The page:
At Camp Under the Stars, every camper is different, and those differences help to “make camp magical,” says Jacque Yue, executive director and co-founder of Under the Stars, Inc., a nonprofit overnight summer “micro” camp that serves kids from the greater Washington, D.C. area. Micro camps are small by design, limiting the number of campers so that camp staff know them all by name and can provide individualized support when needed.
Taking place in Prince William National Forest Park in July and August, sessions are capped at 40 campers each, ages 5-17, with a camper-to-staff ratio of 12 to 2. A 2022 grant from VOF’s Get Outdoors Fund helped to cover the park rental fees, as well as a portion of attendance fees for campers who received financial aid.
Camp Under the Stars’ mission is to create “a supportive, inclusive camp community that values each child’s uniqueness, celebrates our differences, and respects nature and the planet,” says Yue. That’s where the magic starts. With such a diverse group of attendees, “We focus on empathy and kindness and inclusion,” she states. “Our campers really take that in and run with it. I’m so impressed with their ability to include each other and root their interactions in equity and consideration for others’ feelings.”
Camp activities include art, hiking, kayaking, paddleboarding, yoga, waterfall walks, campfire meals, and outdoor play. Outdoor science and reading activities are also part of the experience. Yue says that the reading activity is popular with attendees because they get to make their own choices. “You’d be surprised how much kids like to read if they have options,” she states. “They get to choose any book from the library, take it out to the hammock village and read. Some campers want to get through as many books as fast as they can in the time they have; others prefer to be read to. Some kids decide not to read; they’d rather lay in a hammock and just look at the sky, and that’s great, too.”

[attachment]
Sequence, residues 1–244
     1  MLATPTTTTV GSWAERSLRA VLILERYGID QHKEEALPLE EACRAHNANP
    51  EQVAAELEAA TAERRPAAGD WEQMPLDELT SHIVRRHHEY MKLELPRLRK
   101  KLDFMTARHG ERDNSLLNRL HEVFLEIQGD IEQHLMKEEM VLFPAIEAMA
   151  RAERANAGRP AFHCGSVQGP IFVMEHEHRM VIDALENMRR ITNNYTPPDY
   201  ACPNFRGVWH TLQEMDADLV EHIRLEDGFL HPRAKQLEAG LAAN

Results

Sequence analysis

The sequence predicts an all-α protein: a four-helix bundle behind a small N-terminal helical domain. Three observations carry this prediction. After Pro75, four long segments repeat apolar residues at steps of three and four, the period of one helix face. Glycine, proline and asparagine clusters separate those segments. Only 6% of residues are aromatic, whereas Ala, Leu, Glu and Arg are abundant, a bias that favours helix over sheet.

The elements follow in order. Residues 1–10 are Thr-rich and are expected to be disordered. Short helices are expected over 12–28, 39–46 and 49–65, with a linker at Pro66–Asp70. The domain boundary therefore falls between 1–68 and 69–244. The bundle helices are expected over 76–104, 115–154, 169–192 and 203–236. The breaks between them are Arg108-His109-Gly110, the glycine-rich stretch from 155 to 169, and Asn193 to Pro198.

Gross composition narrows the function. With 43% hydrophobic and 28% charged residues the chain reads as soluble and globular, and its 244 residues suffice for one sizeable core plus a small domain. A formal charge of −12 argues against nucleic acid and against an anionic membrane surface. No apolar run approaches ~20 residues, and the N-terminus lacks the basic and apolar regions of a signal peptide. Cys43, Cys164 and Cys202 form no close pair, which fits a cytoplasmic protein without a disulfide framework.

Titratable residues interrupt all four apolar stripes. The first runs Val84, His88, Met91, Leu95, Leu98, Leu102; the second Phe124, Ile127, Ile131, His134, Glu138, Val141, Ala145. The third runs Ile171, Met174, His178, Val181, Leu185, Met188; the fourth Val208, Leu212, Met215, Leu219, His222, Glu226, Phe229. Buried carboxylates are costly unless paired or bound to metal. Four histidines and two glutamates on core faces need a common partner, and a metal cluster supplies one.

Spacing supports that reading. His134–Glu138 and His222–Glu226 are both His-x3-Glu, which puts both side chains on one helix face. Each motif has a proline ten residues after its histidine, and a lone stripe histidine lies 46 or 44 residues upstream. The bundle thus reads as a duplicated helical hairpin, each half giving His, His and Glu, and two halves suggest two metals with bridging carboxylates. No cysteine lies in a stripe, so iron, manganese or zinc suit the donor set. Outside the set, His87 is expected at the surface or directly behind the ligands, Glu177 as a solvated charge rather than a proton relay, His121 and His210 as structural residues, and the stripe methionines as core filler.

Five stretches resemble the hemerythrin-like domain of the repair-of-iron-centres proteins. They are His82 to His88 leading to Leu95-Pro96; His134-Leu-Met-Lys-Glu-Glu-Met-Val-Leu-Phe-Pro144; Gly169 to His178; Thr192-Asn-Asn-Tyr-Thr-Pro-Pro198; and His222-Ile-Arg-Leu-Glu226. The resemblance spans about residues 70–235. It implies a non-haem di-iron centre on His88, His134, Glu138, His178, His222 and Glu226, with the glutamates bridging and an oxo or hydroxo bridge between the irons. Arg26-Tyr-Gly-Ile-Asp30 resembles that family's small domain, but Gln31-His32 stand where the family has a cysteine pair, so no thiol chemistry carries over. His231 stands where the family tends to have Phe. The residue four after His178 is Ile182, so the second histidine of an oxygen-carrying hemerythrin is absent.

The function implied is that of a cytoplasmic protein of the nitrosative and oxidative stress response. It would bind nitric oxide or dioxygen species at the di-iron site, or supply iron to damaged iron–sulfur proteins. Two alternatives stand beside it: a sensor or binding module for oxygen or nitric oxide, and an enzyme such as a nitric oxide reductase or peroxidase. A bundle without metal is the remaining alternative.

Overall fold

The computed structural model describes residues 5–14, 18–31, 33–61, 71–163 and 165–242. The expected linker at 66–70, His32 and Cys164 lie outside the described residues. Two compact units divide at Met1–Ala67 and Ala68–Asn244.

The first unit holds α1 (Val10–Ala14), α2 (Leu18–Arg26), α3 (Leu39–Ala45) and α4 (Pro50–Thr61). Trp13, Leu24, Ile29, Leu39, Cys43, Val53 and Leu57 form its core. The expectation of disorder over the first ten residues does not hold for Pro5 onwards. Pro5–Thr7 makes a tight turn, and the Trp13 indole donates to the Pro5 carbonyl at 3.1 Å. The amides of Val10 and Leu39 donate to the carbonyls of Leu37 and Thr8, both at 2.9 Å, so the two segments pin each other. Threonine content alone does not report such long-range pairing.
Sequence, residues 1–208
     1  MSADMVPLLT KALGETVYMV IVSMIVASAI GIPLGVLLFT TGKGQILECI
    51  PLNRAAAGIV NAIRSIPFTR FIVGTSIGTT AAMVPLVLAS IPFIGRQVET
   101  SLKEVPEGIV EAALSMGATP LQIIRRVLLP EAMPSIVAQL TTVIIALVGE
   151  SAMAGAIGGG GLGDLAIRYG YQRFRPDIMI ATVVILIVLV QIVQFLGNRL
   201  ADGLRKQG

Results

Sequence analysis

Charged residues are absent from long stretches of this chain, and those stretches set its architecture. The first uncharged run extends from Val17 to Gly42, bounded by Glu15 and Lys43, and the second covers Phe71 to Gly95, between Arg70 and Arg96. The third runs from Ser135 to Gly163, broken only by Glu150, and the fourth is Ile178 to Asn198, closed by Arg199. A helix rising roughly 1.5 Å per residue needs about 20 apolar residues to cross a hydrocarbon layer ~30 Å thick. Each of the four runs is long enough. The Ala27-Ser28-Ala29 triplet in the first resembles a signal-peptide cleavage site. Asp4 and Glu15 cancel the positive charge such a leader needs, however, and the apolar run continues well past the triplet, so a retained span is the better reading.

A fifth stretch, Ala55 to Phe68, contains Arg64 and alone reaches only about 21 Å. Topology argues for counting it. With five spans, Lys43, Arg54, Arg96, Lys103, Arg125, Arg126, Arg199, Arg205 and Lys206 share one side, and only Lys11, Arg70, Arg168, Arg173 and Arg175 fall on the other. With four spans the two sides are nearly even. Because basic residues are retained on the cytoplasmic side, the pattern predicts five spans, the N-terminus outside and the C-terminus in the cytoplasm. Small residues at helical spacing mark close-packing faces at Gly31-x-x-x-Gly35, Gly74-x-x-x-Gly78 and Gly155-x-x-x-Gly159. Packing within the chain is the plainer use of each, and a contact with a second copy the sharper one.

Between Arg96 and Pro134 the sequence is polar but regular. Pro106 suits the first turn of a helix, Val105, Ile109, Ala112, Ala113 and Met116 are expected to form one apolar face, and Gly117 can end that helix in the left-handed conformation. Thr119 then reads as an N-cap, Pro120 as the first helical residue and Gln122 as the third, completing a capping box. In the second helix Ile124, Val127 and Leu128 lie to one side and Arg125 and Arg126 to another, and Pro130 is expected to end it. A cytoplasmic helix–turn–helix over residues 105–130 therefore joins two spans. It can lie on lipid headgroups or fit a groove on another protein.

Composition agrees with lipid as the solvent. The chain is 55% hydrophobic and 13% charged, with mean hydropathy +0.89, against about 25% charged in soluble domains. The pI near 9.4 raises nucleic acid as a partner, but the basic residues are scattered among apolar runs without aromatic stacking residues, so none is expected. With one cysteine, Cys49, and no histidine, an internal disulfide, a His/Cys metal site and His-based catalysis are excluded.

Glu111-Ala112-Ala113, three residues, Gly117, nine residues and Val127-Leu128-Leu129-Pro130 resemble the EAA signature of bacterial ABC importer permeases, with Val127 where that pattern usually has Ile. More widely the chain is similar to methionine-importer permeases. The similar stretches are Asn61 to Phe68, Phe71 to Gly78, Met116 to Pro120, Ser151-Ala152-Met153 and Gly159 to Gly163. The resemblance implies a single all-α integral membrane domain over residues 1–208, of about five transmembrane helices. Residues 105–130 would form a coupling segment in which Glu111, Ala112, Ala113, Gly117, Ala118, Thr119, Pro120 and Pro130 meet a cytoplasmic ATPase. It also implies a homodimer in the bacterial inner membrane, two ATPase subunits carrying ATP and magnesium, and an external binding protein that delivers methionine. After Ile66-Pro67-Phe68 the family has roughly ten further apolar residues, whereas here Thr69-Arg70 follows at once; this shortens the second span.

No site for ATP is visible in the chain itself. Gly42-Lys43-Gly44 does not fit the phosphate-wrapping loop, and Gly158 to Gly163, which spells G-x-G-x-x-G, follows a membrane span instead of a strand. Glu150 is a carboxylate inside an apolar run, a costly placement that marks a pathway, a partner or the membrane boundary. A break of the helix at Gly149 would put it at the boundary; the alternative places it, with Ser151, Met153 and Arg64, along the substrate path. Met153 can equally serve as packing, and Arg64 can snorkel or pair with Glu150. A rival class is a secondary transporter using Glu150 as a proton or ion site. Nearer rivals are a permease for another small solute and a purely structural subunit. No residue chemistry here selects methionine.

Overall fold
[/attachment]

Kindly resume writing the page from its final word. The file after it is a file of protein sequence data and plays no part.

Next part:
Camp Under the Stars is screen free, Yue adds. “It can be hard to give
that up, both for kids and adults,” but she notes that the no-screen policy really frees campers to take time to notice small things. “I’ve seen them fascinated by a puddle full of tadpoles, or turtles sunning themselves in the lake while we’re kayaking.”
Yue says another magical part of camp is departure day, when kids reunite with their parents after the session is over. “It’s beautiful to watch campers introduce their parents to all their new friends and to watch parents exchange contact information and plan playdates. We know that many of these friendships wouldn’t be possible without the opportunity to meet a diverse group in this space.”
For more information about Camp Under the Stars and opportunities to sign up for summer 2023’s week-long and two-night sessions, go to their website.